Journalist Hirshey (We Gotta Get Out of This Place: The True, Tough Story of Women in Rock, 2001, etc.) presents a deeply researched biography of daring author and hugely influential magazine editor Helen Gurley Brown (1922-2012).
Brown's Sex and the Single Girl (1962) and her decadeslong editorship of a seemingly moribund Cosmopolitan magazine starting in 1965 seem easy to dismiss in an era of pervasive feminism beginning around 1970. However, Hirshey convincingly shows how Brown demonstrated some feminist tendencies and was certainly no shallow airhead (a term that fits with some of the informal prose peppered throughout the book). Before the author narrates Brown's unlikely ascension to influence and fame in New York City, she relates remarkable, telling details about her subject's childhood and young adulthood in rural Arkansas and then Los Angeles. After Brown's father died when Helen was 10 years old, her mother, Cleo, became unmoored geographically and unhinged emotionally. As a result, Helen and her older sister had to survive an unstable and sometimes poverty-stricken stretch. “Much of what Helen understood about her people was colored by her mother’s melancholy worldview,” writes Hirshey. In Helen's case, the agony was magnified by an inherent shyness and a terrible extended period of acne, which she believed rendered her physically unattractive. Although she outgrew the acne, she never felt that she was "pretty enough." Nonetheless, through sheer will, Brown succeeded in the advertising world, charted an ambitious social life that included open pursuit of premarital sex, and married late and well. Hirshey vividly relates how her husband, David Brown, parlayed his experience in both publishing and cinema into helping Helen conceive her bestselling books and turn around Cosmopolitan.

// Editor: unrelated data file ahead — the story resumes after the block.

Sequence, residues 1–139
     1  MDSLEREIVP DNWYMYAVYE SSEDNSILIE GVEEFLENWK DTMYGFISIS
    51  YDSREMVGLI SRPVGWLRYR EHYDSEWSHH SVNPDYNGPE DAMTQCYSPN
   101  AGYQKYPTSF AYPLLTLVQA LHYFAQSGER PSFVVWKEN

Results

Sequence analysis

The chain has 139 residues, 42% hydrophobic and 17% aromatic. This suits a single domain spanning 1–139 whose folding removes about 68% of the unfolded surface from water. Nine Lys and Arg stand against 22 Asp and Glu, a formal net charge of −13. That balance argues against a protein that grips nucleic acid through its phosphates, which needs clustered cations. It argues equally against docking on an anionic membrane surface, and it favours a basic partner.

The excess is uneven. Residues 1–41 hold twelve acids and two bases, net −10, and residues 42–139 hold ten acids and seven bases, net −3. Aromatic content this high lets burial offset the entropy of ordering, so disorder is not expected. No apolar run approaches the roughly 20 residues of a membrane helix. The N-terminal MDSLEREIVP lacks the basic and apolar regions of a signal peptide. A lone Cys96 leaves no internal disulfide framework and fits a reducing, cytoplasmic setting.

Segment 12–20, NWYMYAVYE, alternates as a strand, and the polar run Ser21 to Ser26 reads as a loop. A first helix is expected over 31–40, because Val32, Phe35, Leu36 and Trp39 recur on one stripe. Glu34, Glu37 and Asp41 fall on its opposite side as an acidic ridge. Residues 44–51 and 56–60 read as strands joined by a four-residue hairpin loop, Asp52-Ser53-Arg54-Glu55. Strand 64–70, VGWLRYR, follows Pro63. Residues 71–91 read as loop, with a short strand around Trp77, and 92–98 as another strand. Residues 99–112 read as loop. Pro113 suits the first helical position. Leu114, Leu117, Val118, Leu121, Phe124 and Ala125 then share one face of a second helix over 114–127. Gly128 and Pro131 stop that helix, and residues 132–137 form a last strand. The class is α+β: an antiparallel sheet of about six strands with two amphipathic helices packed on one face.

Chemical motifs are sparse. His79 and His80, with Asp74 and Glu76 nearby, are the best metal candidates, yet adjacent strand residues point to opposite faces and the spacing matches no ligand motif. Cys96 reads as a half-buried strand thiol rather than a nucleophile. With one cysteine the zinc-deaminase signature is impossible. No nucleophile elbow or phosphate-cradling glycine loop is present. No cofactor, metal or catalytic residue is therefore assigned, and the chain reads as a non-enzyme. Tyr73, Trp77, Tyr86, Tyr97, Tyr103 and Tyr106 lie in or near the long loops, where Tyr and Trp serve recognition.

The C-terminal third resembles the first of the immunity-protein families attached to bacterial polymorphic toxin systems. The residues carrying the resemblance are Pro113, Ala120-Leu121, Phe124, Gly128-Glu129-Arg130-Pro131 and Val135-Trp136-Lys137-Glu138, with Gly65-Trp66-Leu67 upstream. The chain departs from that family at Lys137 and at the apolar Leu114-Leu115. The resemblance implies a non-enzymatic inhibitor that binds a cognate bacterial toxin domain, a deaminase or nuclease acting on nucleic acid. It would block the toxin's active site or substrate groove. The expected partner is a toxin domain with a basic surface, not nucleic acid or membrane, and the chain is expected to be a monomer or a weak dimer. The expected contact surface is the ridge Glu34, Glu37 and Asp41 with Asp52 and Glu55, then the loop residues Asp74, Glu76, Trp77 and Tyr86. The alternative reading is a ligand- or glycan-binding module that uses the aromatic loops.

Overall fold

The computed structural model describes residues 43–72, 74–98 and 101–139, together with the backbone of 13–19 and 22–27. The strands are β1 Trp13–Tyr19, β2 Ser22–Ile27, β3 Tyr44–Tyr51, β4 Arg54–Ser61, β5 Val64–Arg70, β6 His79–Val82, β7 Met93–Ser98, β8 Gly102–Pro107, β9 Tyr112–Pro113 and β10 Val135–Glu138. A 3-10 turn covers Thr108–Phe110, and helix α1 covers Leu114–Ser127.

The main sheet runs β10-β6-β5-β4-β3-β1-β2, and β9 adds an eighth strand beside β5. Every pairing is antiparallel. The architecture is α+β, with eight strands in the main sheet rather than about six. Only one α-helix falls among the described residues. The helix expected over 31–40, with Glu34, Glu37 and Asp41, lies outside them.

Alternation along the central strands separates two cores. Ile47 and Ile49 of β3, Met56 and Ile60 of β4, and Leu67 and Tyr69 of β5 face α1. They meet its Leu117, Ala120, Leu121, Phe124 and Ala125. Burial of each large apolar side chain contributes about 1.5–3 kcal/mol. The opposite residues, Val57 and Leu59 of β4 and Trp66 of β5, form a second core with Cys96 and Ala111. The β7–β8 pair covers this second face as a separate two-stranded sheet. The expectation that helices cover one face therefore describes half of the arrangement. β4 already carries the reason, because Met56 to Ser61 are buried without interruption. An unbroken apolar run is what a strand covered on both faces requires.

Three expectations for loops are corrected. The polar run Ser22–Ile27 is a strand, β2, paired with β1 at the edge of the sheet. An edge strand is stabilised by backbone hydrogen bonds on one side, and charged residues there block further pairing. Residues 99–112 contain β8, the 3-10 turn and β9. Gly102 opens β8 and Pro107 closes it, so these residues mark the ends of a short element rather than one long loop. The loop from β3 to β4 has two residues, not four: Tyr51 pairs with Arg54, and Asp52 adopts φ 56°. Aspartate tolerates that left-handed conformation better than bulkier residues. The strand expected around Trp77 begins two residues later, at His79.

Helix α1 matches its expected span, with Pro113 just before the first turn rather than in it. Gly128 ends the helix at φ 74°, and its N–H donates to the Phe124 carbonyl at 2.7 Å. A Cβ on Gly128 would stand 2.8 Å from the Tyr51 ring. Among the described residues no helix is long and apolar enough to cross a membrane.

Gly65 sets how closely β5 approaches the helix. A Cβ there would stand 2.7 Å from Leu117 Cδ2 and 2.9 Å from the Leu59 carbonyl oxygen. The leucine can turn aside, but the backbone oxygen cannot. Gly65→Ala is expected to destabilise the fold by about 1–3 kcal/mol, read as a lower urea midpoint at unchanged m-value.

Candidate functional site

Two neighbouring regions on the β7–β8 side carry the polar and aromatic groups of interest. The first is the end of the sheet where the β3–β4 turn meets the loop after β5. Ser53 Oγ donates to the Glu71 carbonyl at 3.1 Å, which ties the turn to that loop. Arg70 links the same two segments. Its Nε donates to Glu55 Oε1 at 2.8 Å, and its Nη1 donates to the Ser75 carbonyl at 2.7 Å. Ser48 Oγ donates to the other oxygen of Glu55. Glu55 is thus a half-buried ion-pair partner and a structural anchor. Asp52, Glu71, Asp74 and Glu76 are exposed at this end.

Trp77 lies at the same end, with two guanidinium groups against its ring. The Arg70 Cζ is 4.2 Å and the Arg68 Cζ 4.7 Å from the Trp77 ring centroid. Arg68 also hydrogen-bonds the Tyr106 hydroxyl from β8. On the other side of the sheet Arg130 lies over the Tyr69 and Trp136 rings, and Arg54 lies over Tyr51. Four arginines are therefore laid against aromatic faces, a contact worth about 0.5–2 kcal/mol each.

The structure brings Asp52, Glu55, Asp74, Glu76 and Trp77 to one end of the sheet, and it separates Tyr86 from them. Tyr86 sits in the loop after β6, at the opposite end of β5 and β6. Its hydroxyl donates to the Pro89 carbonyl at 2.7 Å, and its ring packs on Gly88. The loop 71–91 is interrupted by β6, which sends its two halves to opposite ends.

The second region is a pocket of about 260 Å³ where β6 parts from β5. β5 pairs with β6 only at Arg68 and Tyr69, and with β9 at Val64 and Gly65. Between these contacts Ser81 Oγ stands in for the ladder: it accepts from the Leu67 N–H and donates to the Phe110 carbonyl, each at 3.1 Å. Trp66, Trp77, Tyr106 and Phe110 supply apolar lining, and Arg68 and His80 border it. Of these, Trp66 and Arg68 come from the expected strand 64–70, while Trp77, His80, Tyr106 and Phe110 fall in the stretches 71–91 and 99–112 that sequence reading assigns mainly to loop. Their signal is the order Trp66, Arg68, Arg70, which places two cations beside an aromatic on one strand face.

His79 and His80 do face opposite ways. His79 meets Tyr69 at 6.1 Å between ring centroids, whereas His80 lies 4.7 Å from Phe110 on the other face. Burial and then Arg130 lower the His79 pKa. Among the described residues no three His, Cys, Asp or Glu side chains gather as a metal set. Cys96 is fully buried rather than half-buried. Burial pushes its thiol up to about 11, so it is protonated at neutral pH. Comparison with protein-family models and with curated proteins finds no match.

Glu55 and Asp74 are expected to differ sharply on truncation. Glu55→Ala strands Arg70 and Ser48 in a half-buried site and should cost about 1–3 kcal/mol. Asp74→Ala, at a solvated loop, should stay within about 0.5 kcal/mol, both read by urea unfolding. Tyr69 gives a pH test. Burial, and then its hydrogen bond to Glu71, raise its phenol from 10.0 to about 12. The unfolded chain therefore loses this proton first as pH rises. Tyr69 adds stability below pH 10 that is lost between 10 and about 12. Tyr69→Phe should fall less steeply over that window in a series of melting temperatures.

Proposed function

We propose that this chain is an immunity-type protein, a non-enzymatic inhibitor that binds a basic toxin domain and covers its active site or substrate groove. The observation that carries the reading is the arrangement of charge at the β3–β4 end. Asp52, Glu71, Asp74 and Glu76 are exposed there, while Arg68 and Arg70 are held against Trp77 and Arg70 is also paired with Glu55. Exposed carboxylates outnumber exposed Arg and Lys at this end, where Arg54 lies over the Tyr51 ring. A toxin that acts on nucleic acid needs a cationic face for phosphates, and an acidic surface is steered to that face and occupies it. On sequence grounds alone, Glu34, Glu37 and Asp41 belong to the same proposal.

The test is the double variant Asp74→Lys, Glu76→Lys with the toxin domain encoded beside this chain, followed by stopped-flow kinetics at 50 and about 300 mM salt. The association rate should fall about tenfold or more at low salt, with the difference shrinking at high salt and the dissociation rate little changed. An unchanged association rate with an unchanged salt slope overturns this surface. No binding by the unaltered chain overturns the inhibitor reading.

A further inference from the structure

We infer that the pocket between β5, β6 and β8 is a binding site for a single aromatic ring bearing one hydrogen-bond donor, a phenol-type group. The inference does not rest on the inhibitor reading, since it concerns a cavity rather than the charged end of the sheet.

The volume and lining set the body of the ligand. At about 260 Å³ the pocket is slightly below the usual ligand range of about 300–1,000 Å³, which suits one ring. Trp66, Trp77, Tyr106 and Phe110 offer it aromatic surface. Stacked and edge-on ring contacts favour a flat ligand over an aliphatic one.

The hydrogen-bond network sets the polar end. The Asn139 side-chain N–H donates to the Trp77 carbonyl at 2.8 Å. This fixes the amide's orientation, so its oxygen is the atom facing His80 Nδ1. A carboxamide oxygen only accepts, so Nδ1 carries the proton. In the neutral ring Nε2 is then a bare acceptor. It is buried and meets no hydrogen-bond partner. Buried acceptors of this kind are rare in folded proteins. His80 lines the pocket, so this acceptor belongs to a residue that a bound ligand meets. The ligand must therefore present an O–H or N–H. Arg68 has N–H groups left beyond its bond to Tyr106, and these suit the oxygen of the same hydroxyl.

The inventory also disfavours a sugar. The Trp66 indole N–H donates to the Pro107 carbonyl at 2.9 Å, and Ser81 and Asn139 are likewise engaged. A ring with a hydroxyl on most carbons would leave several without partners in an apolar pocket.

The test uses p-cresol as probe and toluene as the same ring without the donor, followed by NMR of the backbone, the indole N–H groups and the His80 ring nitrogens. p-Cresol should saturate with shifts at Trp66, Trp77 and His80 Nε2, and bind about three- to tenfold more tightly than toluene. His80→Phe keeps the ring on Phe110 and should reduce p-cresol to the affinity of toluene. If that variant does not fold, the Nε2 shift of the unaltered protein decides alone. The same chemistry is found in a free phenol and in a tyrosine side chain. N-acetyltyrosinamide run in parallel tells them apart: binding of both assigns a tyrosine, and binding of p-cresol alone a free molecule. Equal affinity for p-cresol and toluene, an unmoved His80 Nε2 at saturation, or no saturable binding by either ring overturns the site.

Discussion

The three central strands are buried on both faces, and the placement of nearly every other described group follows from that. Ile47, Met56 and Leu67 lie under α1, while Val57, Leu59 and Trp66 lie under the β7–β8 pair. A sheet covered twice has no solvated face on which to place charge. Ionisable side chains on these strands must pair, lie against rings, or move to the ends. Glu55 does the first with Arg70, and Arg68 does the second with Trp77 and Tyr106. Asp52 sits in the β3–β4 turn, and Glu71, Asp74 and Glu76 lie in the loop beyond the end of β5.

Unlike numerous other biographers, Hirshey never falls into the trap of reductionism. Although Brown sometimes presents contradictions that cannot be easily resolved, the author portrays the complexities with skill.